Crazy Happy: Nine Surprising Ways to Live the Truly Beautiful Life

Crazy Happy: Nine Surprising Ways to Live the Truly Beautiful Life

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Overview

Is it crazy to want a happy life? The host of Jesus Is Real Radio and Hillsong Channel’s Real with Daniel Fusco unlocks the happiness we long for in the most famous teachings of Jesus and the apostle Paul.
 
“Don’t just skim through this book quickly. Savor it and discuss it with a friend. Your personal happiness is at stake.”—Rick Warren, author of The Purpose Driven Life, from the foreword
 
Dissatisfied with your life? Yeah, most of us have been there. There’s no shame in wanting to be happy, but real satisfaction often eludes us. At best, what fleeting happiness we find tends to dribble away in never-ending debts, stressful deadlines, and mindless scrolling. At worst, it’s chased away by anxiety, depression, or fallout from our selfishness.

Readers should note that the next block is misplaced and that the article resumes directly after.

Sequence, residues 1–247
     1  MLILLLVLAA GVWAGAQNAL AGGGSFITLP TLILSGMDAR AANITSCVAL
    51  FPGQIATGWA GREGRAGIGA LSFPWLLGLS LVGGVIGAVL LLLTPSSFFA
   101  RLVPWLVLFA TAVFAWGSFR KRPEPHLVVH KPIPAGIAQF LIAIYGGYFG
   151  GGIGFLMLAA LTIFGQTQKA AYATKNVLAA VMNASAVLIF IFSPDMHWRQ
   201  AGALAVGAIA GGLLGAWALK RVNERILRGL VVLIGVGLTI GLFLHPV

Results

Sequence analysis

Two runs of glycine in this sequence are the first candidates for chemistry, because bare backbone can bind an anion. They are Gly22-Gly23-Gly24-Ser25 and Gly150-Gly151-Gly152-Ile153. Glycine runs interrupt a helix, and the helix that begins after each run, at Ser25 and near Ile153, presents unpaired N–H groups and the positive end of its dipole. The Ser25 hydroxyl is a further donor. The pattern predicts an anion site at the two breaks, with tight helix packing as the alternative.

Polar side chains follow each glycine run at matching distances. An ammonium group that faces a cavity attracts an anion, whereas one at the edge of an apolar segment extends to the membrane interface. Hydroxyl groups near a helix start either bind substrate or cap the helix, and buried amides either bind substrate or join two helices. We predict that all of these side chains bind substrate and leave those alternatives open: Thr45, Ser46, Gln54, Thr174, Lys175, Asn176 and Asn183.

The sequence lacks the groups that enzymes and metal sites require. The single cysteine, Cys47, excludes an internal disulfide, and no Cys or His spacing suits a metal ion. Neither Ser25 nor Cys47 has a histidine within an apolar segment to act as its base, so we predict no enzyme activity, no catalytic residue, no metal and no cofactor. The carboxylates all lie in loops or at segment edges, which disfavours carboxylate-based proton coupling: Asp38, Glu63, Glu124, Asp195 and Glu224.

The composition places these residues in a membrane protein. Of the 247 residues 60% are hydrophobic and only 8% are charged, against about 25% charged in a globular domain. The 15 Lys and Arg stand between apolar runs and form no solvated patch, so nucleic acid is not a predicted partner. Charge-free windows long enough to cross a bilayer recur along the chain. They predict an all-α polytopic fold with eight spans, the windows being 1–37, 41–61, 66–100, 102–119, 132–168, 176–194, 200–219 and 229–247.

Here’s the truth: whether we hunt for happiness in parties, bars, the workplace hustle, or even in church pews, we’ll wind up shortchanged. Why? Because we don’t see our lives as beautiful. 
 
But God wants something better for you—happiness so real this world might think it’s too good to be true.
 
In Crazy Happy, Daniel Fusco unpacks fresh connections in two of the Bible’s most familiar passages—secrets of happiness that can really, truly, honest-to-goodness change things. If you stick around for the ride, you’ll find the kind of God-given beauty that can change your life for good—even in our sometimes-crazy world.


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Product Details

ISBN-13: 9780593192665
Publisher: The Crown Publishing Group
Publication date: 02/16/2021
Pages: 224
Sales rank: 461,516
Product dimensions: 5.10(w) x 7.90(h) x 0.80(d)

About the Author

Daniel Fusco is an author, a church planter, and the lead pastor of Crossroads Community Church in Vancouver, Washington. His radio program, Jesus Is Real Radio, is broadcast across the country, and his TV show, Real with Daniel Fusco, airs weekly on the Hillsong Channel. He’s written articles for CBN, Preaching Today, Relevant, and USA Today, and is a regular contributor to Roma Downey’s LightWorkers. Daniel and his wife, Lynn, have three children and live in southwest Washington.

Read an Excerpt

1

Let’s Get Crazy Happy